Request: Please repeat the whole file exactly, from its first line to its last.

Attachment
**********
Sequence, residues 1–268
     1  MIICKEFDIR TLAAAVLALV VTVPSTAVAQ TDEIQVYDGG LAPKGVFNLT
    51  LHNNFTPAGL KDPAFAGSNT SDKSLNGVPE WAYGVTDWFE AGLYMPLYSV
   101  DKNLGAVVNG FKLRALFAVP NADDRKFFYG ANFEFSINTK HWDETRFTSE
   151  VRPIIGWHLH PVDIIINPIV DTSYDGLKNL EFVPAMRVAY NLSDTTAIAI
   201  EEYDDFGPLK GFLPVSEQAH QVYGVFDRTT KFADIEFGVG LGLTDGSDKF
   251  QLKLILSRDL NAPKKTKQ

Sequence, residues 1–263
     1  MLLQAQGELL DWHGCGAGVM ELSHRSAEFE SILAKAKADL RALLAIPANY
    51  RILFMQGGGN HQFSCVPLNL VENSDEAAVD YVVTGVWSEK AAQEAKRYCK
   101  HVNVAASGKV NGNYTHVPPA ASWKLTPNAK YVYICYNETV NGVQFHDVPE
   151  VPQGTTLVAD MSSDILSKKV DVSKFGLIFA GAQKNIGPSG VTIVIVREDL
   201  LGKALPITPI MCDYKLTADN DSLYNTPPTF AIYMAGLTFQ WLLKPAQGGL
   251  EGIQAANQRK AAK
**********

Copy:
Sequence, residues 1–268
     1  MIICKEFDIR TLAAAVLALV VTVPSTAVAQ TDEIQVYDGG LAPKGVFNLT
    51  LHNNFTPAGL KDPAFAGSNT SDKSLNGVPE WAYGVTDWFE AGLYMPLYSV
   101  DKNLGAVVNG FKLRALFAVP NADDRKFFYG ANFEFSINTK HWDETRFTSE
   151  VRPIIGWHLH PVDIIINPIV DTSYDGLKNL EFVPAMRVAY NLSDTTAIAI
   201  EEYDDFGPLK GFLPVSEQAH QVYGVFDRTT KFADIEFGVG LGLTDGSDKF
   251  QLKLILSRDL NAPKKTKQ

Sequence, residues 1–263
     1  MLLQAQGELL DWHGCGAGVM ELSHRSAEFE SILAKAKADL RALLAIPANY
    51  RILFMQGGGN HQFSCVPLNL VENSDEAAVD YVVTGVWSEK AAQEAKRYCK
   101  HVNVAASGKV NGNYTHVPPA ASWKLTPNAK YVYICYNETV NGVQFHDVPE
   151  VPQGTTLVAD MSSDILSKKV DVSKFGLIFA GAQKNIGPSG VTIVIVREDL
   201  LGKALPITPI MCDYKLTADN DSLYNTPPTF AIYMAGLTFQ WLLKPAQGGL
   251  EGIQAANQRK AAK